(Pictured: Not a joke.)
LITTLE DID I KNOW that the people who sit around me would not be able to handle this new cover. They would need to know why there would ever be birds on the cover of a book. They asked me if the book was about birds. Birds in France? Did I get it at the bird store? Birds.It must be about birds. Why birds?
Fine. Here are some of the uses of birds as a motif in Les Misérables. I hope you’re happy, Jess, Laura and Montana. Here are the mysteries of “The Bird Book”.
“It is a charming quality of the happiness we inspire in others that, far from being diminished like a reflection, it comes back to us enhanced.” — Les Misérables, 487
Away In A Hospital Bed (Christmas Story)
When Joe was a little kid, he always had trouble sleeping on Christmas Eve. The idea of Santa coming to his house by reindeer laden with gifts had been too exciting. Every year, he would lie awake in bed in giddy anticipation, much to his parents’ exasperation. This December 24th, as he and Gabe trekked through blowing snow to make his 10 o’clock curfew, he knew he would not be sleeping this Christmas Eve, either. This year, though it had more to do with dread than anticipation, if the feeling in his chest was anything to go by – and certainly nothing to do with a jolly fat man.
Joe winced as his phone went off for the third time that hour. The chorus of I Was Made For Loving You had seemed like an appropriate choice of custom ring tone at the time. Now, it just made Gabe raise an eyebrow at him critically.
“Pick it up,” he said, and reached for the phone when Joe put his head down and walked faster down the sidewalk instead.
"Les Misérables" 2012 film shooting script
The shooting script for the film reveals some elements that were intended to be in the movie, but were cut in post-production.
Some of these cut scenes include characters from the novel who do not appear in the musical adaption, such as Monsieur Mabeuf.
“'Father, what are those men?'
‘Felons condemned to hard labour,’ said Valjean.
‘Where are they going?’
‘To the galleys.’
At this moment the lashing and the cudgelling reached its climax, with the flat of swords now being used. The prisoners, yielding to punishment, fell silent, glaring about them like captive wolves. Cosette was trembling. She asked:
‘Father, are they still human?’
‘Sometimes,’ the wretched man replied.” — Les Misérables, Tome IV, II.viii
Change of medium: novel vs. (musical) film
Les Misérables 2012 is an interesting film adaption of Hugo’s novel because it has gone through two stages of adaptation. This film is based on the musical which was adapted from the novel. I have chosen this version because it is the most recent, and because it reincorporates elements from the novel into the musical adaption, creating one of the most complete, if unconventional, English-language adaptions of Les Misérables.
The musical format complements the novel incredibly well. One prominent feature of Hugo’s work is his lengthy digressions on social issues. Normally, it would be difficult to show these essays-within-a-novel on film. However, some of the most important discussions are adapted into songs in the film. “At the End of the Day” and “Do You Hear the People Sing” present topics that add context and depth to the novel, in this case the hardships facing the poor and the importance of revolution. The songs are not exact replicas of Hugo’s social commentary, but they communicate the same message to the audience by engaging their emotions through the music.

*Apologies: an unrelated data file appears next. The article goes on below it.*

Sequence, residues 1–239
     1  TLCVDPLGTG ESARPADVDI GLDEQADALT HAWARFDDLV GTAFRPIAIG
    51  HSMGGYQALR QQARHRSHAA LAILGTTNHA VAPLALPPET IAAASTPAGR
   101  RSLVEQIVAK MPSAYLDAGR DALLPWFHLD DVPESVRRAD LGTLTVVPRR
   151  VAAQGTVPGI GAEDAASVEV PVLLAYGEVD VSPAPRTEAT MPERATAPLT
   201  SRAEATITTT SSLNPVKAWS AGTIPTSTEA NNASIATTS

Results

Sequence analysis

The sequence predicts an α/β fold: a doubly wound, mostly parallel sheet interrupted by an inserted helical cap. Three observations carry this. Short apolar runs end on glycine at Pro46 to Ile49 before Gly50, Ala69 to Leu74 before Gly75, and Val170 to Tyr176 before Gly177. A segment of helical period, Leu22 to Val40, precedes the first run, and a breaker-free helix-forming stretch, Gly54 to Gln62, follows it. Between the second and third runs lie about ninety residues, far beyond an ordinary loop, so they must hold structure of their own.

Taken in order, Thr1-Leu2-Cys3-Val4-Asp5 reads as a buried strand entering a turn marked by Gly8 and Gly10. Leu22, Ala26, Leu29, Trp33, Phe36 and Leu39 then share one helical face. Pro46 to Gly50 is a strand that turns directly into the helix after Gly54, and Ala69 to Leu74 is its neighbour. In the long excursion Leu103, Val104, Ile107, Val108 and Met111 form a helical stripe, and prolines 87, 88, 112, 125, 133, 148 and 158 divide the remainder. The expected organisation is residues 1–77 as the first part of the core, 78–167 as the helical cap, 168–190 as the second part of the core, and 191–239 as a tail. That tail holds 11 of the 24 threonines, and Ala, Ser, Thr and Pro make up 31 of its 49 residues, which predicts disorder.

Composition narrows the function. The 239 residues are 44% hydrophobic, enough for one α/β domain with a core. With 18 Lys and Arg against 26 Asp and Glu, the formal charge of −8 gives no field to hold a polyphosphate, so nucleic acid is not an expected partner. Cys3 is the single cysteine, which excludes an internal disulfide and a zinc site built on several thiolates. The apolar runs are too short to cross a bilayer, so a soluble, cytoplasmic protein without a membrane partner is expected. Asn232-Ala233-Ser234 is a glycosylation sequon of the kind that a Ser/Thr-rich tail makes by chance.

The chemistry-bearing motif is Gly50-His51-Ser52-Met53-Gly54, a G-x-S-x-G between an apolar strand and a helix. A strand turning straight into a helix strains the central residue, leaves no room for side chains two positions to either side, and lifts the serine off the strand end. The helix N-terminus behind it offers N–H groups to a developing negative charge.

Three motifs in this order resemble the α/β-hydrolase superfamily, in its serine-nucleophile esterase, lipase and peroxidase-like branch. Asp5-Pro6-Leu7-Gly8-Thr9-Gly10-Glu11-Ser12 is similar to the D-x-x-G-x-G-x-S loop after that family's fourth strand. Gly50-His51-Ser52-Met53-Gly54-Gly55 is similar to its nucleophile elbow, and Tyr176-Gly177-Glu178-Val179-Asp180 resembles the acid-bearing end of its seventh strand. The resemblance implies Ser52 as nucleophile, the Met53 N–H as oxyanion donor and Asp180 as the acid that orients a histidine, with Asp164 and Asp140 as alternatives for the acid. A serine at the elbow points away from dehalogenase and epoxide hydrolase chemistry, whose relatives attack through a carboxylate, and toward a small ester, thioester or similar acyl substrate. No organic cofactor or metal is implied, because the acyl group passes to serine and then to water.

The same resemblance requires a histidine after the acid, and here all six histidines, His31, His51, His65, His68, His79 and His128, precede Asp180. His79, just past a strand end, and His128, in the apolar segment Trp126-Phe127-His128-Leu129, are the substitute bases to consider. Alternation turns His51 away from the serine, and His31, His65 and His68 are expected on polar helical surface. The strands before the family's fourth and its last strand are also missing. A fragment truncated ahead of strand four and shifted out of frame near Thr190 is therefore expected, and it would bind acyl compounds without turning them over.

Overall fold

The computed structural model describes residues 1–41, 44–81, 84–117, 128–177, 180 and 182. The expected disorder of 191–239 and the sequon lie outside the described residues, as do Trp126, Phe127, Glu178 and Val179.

The problem that arises is that a storyline in a musical is only as strong as the songs that carry it. Marius and Cosette’s romance suffers in the transition from page to screen because their interactions in the movie lack the depth of Hugo’s descriptions. Their duet, which is supposed to convince the audience of their love, comes off as a “filler” song stuck between more exciting numbers. A film’s audience can not delve into the character’s minds in the same way the readers of a book can, and in the case of Marius and Cosette the film fails to use its greatest tool for showing emotional depth – the music – to make up for that. This is problematic because the story of Les Misérables is built on love in all its forms. If the audience is not invested in the romantic storyline, the message of the movie seems weaker overall.
Otherwise, the movie succeeds in getting the same emotional response from the audience as the novel, although the methods used are different. Imagery that would be too distracting or technically complicated to show in a visual medium is removed, such as the heavy-handed use of light as a symbol for good (the more iconic or subtle symbols, like Valjean’s silver candlesticks, are present). Many of the songs contain metaphors to help the audience connect with the characters, but they don’t always match with descriptions from the novel. Javert’s songs are filled with Biblical imagery, but Hugo describes Javert as a man who “… had given no thought to that higher superior, which is God.” (1106). Portraying Javert as a man who believed he was doing God’s work is the movie’s “shorthand” method to make the audience pity Javert without delving into a discussion of his inner psyche. The movie uses many visual cues in this manner, such as flags prominently bearing the word “mort” (death) in the ill-fated barricade, to quickly tell the viewer information about the atmosphere, theme and mood. Although some of the depth is lost, these changes help the filmmakers fit the intricacies of a dense novel into a reasonable running time.
The biggest changes made in the transfer of Les Misérables from page to film were not changes to the story, but changes to the techniques used to tell it. The success of the film lies in its adherence to the plot and message of Hugo’s novel, while changing some of the format, emotional weight, and symbolism to bring the aspects that make Les Misérables a classic novel into sharper focus in a visual and musical medium.